tronger hiring last year, rising wages and upcoming tax cuts lead those who read the economic tea leaves to be cautiously optimistic that 2018 could reward southwestern Pennsylvania with the largest increase in job growth in five years, finally shaking the malaise that works to contract the local labor force, send residents packing and stifle …

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Air Rules

Bluer skies over southwestern Pennsylvania owe a debt to local, state and federal regulations that have evolved over decades to spur technological advancements and investment in controlling air pollutants from industrial plants to the cars we drive. It wasn’t until the City of Pittsburgh adopted its Smoke Control Ordinance in 1941 that the dense smoke …

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Up in the Air: The Final Chapter

Air polllution’s place in the history of southwestern Pennsylvania is as prominent as the region’s mighty rivers and the steel industry that once crowded their banks. For nearly a century, it was a defining characteristic in the eyes of visitors, who pulled no punches when describing the grim conditions they found. “In truth, Pittsburg [sic] …

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Petrochemical Alley

Shell Chemical Appalachia’s petrochemical complex has begun to rise from a dusty Beaver County brownfield that follows a slow bend in the Ohio River near Monaca. It took hefty tax incentives to secure it. The nation’s largest zinc smelter was razed to make room for it. More than 7 million cubic feet of earth were …

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Energy’s Big Shift

A decade ago, as Consol Energy’s 150th anniversary drew near, top executives began to take stock in where the company stood as a leading producer of coal and where that path would take it. Coal was in what CEO Nicholas DeIuliis called a “supercycle.” It was the workhorse of the national power grid and less …

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The Last Coke Works

At the Clairton Public Library in the industrial Monongahela River valley, patrons can check out “Moby Dick,” “To Kill a Mockingbird,” the adventures of Curious George and any number of Nancy Drew mysteries. They can read issues of Vogue and Popular Science. They can take home the music of Elton John and Rihanna, or the …

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No Money Down

It’s 11 a.m. in Judge Jeffery Manning’s courtroom. The attorneys are ready. The Allegheny County Common Pleas Court president judge is on the bench. The video screen comes alive to reveal the business of the morning, a series of people in orange, jail-issue jumpsuits: One young man with a retail theft charge and a drug …

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Going It Alone

Most of the women who trust their children to Jamie Tabb’s cottage childcare business in Turtle Creek are struggling to get by under circumstances she knows well. She’s a single woman raising children on her own, as they are. She’s been employed and poor at the same time. She’s had to allow limited public transit …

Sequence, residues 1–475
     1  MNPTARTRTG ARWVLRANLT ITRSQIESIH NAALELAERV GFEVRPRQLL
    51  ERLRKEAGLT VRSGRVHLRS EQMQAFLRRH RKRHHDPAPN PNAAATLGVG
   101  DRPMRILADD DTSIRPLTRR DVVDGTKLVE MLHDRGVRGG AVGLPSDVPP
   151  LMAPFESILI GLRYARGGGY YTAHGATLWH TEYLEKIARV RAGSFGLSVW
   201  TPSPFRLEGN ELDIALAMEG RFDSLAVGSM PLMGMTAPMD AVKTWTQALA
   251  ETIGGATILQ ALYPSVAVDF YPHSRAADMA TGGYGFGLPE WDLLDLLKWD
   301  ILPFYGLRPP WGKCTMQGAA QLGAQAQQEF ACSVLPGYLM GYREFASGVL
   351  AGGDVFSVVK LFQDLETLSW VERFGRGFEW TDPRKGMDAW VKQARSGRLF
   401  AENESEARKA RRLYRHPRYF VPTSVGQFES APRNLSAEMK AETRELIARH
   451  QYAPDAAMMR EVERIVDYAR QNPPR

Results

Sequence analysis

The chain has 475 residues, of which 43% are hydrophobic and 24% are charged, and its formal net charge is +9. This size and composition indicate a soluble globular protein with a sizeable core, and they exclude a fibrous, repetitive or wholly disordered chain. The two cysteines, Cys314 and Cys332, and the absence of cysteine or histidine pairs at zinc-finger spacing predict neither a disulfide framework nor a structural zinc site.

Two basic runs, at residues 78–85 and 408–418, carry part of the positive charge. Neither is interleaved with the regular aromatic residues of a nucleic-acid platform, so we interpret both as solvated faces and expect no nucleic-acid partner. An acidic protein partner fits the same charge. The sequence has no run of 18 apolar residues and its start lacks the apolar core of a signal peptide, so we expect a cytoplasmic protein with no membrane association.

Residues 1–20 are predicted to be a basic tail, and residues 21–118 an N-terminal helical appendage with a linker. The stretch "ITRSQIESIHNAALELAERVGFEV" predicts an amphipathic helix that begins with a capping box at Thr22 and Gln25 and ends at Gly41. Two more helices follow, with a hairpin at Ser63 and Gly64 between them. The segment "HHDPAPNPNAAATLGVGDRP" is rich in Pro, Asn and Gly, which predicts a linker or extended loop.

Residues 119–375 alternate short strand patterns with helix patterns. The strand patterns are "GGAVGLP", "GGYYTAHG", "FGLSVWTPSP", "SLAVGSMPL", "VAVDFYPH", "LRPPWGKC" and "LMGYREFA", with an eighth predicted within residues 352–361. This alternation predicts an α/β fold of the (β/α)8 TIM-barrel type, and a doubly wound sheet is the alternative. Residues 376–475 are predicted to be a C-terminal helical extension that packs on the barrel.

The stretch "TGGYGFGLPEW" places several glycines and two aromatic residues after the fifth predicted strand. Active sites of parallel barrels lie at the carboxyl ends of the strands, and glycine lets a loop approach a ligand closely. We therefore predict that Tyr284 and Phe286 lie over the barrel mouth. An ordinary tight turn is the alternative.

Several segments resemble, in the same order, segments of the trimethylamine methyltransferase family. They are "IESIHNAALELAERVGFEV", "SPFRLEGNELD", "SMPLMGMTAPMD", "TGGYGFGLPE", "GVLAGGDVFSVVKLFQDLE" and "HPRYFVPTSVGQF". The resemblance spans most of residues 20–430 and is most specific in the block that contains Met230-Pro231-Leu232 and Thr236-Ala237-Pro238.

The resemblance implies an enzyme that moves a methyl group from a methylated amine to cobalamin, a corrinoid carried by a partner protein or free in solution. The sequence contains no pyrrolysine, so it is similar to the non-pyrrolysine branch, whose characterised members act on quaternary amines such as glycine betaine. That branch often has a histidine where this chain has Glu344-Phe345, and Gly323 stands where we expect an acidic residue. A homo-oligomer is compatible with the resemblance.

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Inconspicuous and Dangerous

The heavy smoke is gone. But particulates 30 times smaller than the diameter of a human hair and gases formed by the reaction of sunlight and fossil fuels exhaust remain as the region’s most widespread, stubborn and dangerous air quality problems. Unlike the smoke that draped large swaths of southwestern Pennsylvania during its industrial heyday, …

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Taming Air Pollution: The Region’s Century-Old Challenge

Southwestern Pennsylvania and air quality have long had a complicated relationship. For the better part of a century, the region had been a place so polluted from the soot of industry and homes heated by coal that street lamps were lit in the afternoon and walking a single block could ruin the collar of a …

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Path to Delinquency

Aaron Thomas was 14 when a Pittsburgh police drug task force raided the Garfield home where he lived with his parents, whose lives were ruled by an addiction to cocaine and heroin. That led to his first encounter with the juvenile justice system. But the time he would spend in and out of jail, youth …

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Regional Wages Fall

The average weekly wage plummeted in southwestern Pennsylvania during the first quarter of the year driven by sharp reductions in management pay, a weakened energy industry and other factors, regional economy experts say. The average weekly wage fell 5.8 percent across the seven-county Pittsburgh Metropolitan Statistical Area to $1,027 in the first quarter of 2016 …